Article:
3. The Parents Have Physically Relocated
Another of the reasons a judge will change custody is if one of the parents physically relocates. For this to stand as grounds for custody modification, the move has to be one of a substantial distance. Their new location would need to make the old custody agreement impractical and impossible to stick to. Even then, this is not automatically considered a substantial reason to change the agreement and thus is not guaranteed to be successful. The courts will consider the reasons for the move when deciding whether to make amendments to the custody order.
It is worth noting that many child custody orders contain limitations on where the custodial parent can move the child. For example, there may be a clause that forbids the parent from moving their child out of state or more than 50 miles from the other parent. In these cases, relocation beyond this would be classed as a violation of the order and could be deemed as child abduction. However, if both parents agree on the relocation and changes to the child visitation schedule, it is possible to get a modification of custody to best suit the new arrangement.
4. The Death of a Parent
When one parent dies, the child custody order will need to change. If the non-custodial parent passes away, the custodial parent will gain full custody. However, if the custodial parent dies, the custody of the child doesn’t automatically fall to the other parent. The courts will decide what happens based on the child’s best interests. In many cases, living with the non-custodial parent is the agreed solution, but others could see grandparents or another third party assuming custody.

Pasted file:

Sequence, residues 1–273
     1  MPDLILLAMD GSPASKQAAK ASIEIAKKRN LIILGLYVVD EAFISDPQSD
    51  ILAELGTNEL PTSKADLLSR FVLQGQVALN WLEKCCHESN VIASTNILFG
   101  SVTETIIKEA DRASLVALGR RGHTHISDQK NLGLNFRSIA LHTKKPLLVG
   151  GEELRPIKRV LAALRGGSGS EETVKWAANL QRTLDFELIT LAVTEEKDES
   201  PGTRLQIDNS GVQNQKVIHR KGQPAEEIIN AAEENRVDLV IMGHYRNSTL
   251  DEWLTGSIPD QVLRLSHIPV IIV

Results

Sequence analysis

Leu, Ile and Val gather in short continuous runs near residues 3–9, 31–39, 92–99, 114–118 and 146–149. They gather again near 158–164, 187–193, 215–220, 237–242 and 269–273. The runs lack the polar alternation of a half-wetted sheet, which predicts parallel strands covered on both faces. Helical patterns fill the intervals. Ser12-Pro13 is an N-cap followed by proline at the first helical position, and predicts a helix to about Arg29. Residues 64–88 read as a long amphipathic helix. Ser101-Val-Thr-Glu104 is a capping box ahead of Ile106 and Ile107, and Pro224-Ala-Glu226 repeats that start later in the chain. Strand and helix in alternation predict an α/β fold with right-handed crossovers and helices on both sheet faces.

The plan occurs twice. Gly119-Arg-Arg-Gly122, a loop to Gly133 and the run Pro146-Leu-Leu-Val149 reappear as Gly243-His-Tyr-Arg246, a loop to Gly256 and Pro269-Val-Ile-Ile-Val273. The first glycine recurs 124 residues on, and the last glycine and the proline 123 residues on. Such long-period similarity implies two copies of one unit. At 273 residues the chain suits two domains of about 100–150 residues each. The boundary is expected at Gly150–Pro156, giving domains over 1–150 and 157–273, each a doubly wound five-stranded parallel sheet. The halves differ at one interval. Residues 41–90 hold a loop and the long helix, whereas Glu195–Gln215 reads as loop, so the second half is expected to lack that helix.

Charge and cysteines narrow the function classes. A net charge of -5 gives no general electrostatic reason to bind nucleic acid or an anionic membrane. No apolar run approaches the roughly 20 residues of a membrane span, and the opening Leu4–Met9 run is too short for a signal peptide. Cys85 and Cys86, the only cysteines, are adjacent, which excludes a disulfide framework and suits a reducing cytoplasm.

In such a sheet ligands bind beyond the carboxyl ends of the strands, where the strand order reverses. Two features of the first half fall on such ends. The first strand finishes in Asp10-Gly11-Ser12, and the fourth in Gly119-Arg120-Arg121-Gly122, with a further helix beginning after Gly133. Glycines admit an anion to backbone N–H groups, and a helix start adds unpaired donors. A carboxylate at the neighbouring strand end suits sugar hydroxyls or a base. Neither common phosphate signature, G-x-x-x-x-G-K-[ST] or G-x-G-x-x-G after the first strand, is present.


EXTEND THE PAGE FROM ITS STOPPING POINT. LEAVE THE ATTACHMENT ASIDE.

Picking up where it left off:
5. Change of the Parent’s Emotional and Physical State
According to US family law, the parent’s emotional and physical state are considered when deciding on an appropriate child custody agreement. This is because the stability of their home environment is thought to have a huge impact on the stability of the child. It follows that changes to this can stand as grounds for a custody change. Examples of parental instability due to emotional and physical states include:
- Severe mental health difficulties
- Drug or alcohol abuse
- Frequently relocating and uprooting the child’s life
- History of criminal activity
- Consistent unemployment
- Not having anywhere to live
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6. The Child’s Needs Have Changed
Just as the circumstances of the parents can change with time, so can the needs of the child. A baby or young child will have completely different needs to children in their teens. Therefore, the best place for the child may change throughout their lifetime. For example, one parent may live closer to a better school, which the child wishes to attend, whereas the other parent lives too far away for them to be accepted as a student. If it can be proven to the courts that the child would have better opportunities living with the other parent, they may issue a modification of child custody.